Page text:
|Hunter O’Hanian:||You’ve been a member of CAA for a long time. It’s great to have this opportunity to chat with you. Let’s talk a little bit about your background. I know you grew up here in New York, in Brooklyn. You earned degrees from Vassar, Colombia, and NYU. You taught at Colombia, Vassar, Yale. You’ve won many awards from CAA. Most recently you won the 2006 Distinguished Lifetime Achievement Award for writing in art. I know you’ve won a Guggenheim Fellowship. I know you’re a fellow at the American Academy of Arts and Sciences. You’ve got an honorary doctorate from Harvard. A lot of it’s really been about what you’ve been doing as far as thinking about, writing about, teaching about art. What brought you to art?|
|Linda Nochlin:||I was always interested. When I was a little kid, I liked to paint and draw. I was very much encouraged to paint and draw both by mother and by my school. Being in New York, I had all these museums. There were a lot of other people who were interested in art that were around me, that were my friends. It seemed sort of natural to go to museums. I enrolled myself when I was 12 in the class for talented children at the Brooklyn Museum. A very interesting place.|
|Hunter O’Hanian:||You enrolled yourself you said?|
|Linda Nochlin:||I went with a portfolio and they said, “Come on.”|
|Linda Nochlin:||I was always interested in art, music, dance. I loved to dance. The arts.|
|Hunter O’Hanian:||Apart from your writing, have you been drawing and making work through your adult life as well?|
|Linda Nochlin:||No, I quit.|
|Hunter O’Hanian:||How come you quit?|
|Linda Nochlin:||Well, I don’t know. I just got interested in writing about it rather than making it.|
|Hunter O’Hanian:||You have a very long history of publishing. There’s certainly a lot of work that you’ve done with Realism and Courbet. What attracted you to that particular period and that particular genre?|
|Linda Nochlin:||Probably it was political I think. It was during the McCarthy period that I came to maturity. I went to the Institute. I really wanted to work on something that was anti-McCarthy. That was left. I was a person of the left and Courbet was the ideal subject in that.|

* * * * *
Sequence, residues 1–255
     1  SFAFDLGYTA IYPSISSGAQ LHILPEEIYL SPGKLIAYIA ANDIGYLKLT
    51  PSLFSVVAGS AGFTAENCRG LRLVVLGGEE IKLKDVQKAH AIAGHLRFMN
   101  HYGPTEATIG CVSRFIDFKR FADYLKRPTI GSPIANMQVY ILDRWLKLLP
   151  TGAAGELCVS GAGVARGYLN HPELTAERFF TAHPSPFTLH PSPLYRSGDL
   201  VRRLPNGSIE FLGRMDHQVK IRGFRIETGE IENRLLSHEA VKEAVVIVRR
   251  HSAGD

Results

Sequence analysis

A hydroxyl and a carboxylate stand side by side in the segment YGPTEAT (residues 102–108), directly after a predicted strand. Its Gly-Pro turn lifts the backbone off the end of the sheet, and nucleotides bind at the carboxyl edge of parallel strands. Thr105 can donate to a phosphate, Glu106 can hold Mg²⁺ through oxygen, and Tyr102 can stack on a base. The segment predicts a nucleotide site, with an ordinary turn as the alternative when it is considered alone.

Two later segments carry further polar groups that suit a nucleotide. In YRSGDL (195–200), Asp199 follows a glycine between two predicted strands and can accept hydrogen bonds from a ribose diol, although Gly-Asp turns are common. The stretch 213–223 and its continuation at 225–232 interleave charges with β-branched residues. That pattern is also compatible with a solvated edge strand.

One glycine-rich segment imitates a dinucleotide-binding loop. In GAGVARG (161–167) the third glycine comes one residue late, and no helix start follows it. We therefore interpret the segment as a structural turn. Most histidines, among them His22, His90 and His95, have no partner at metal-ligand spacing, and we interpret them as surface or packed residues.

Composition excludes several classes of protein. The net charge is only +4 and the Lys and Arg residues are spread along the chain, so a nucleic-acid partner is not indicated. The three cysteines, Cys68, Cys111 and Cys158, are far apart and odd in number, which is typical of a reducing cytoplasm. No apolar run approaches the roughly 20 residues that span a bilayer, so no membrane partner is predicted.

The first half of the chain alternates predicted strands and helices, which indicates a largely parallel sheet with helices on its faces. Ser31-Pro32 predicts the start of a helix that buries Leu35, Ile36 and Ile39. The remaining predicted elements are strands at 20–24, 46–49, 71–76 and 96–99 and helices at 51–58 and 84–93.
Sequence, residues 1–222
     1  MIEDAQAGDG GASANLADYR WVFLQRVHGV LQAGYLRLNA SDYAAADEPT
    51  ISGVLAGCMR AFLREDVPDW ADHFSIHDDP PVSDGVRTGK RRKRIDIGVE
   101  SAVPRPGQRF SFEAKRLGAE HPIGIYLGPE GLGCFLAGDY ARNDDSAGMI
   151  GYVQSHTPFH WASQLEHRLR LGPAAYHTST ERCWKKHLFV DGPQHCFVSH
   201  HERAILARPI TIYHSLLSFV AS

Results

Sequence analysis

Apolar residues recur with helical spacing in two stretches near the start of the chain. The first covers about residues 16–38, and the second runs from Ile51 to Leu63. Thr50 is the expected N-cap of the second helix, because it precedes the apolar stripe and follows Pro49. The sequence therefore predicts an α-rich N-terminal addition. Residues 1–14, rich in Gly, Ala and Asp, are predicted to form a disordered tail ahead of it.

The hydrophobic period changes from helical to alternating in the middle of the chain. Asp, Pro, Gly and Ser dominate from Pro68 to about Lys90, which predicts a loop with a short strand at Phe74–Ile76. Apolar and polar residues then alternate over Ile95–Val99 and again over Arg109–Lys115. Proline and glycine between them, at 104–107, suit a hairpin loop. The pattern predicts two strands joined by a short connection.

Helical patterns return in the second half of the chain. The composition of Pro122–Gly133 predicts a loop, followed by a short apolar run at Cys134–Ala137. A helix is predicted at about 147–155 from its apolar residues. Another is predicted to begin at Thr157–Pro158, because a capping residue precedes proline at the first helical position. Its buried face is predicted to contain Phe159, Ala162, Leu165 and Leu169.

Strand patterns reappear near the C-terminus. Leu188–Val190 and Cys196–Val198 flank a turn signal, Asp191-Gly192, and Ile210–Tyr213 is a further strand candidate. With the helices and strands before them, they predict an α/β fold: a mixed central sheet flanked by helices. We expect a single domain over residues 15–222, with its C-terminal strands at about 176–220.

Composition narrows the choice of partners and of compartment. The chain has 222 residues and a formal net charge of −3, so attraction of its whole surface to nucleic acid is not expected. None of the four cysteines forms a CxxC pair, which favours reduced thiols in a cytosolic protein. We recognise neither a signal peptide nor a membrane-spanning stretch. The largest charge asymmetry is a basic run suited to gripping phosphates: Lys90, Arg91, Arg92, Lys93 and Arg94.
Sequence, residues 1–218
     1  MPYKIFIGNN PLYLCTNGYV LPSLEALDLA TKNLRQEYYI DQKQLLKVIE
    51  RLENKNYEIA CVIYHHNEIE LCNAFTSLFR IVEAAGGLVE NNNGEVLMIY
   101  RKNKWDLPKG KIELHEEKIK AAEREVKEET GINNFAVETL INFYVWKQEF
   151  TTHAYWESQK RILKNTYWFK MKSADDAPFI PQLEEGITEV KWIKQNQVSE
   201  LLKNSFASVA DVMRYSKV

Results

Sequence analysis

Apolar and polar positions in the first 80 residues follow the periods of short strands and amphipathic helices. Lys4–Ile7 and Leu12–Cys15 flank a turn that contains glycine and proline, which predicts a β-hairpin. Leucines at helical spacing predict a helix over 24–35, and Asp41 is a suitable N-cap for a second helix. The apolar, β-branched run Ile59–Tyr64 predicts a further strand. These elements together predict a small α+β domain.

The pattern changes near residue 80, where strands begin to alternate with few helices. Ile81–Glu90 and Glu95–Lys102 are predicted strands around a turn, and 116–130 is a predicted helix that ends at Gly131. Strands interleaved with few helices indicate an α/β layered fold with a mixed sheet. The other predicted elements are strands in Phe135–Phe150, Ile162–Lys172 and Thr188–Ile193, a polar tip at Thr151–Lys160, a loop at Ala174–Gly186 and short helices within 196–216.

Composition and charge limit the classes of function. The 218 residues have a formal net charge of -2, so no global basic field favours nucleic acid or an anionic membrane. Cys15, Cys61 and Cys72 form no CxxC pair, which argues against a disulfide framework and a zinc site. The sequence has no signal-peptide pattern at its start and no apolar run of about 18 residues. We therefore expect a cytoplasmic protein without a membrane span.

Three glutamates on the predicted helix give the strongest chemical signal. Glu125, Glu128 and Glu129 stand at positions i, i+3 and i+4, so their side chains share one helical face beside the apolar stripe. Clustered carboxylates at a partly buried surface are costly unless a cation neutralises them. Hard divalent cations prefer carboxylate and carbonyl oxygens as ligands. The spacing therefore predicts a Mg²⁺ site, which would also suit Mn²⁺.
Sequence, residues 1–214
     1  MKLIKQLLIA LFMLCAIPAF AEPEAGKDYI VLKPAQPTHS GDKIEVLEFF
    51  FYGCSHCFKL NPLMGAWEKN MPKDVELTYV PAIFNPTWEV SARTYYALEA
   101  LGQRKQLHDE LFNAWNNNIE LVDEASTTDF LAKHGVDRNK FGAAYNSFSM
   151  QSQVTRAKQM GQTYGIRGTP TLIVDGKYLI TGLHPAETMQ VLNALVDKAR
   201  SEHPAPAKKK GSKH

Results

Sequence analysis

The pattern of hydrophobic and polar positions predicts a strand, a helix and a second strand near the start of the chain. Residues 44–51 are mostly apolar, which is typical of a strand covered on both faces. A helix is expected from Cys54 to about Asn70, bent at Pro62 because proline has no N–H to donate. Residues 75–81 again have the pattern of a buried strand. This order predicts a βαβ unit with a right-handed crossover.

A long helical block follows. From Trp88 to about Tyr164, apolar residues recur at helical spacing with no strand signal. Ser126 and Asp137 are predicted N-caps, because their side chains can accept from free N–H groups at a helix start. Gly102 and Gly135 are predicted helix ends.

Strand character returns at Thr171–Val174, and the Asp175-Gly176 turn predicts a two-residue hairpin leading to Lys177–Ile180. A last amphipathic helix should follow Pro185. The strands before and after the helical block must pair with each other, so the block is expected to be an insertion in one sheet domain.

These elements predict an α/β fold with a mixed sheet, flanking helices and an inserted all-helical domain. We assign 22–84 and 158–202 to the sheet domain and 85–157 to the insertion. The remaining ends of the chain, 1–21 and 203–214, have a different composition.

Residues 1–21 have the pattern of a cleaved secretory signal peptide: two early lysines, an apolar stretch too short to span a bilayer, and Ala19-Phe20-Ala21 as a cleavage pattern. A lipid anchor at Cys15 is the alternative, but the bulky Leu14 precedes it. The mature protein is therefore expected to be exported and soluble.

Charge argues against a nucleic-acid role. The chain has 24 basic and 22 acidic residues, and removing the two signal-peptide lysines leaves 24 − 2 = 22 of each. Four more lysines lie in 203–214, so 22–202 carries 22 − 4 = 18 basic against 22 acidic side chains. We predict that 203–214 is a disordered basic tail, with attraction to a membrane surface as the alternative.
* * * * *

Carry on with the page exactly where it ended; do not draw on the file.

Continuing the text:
|Hunter O’Hanian:||Tell me about what you remember of the McCarthy era and what was going on at the time and how artists and writers were dealt with.|
|Linda Nochlin:||It really was a very oppressive period for people in intellectual and artistic pursuits. Even if they didn’t come and get you, that was always a threat lying over. I remember I began my Frick talk with a long quotation from Karl Marx. People were dumbfounded. I remember my teacher said, “Linda, you’re so brazen.” It was scary times.|
|Hunter O’Hanian:||Watching the news today, do you see any similarities?|
|Linda Nochlin:||No. I think it’s a different thing now. It’s scary in a different way, but you can say what you want. Unless you’re in government. I think it is a different take. It’s not good and it’s not pleasant, but I think it’s different.|
|Hunter O’Hanian:||I noticed…. I’ve read that you said you were introduced to feminism in the late 1960s. You were probably in your 30s at that time. You wrote that you became a feminist virtually overnight. Tell me about that.|
|Linda Nochlin:||I had been in Italy in ‘68, ‘69. I came home and a friend came with all these publications and said, “Do you know about feminism”? It was called the women’s movement. I said, “No.” She said, “Read this.” She left me Off Our Backs and rather the somewhat crude broadsheets of the early feminist movement. I stayed up all night reading and I was a feminist the next day. Certainly I always had been to some degree, but I could see now I could become formally as part of an organization, as part of a movement. Yes, I was a feminist.|
|Hunter O’Hanian:||Do you see the movement alive today?|
|Linda Nochlin:||Mm-hmm [affirmative] yes. But, of course, a lot of people I know happen to be feminists. I don’t know how alive it is otherwise. I think it still is.|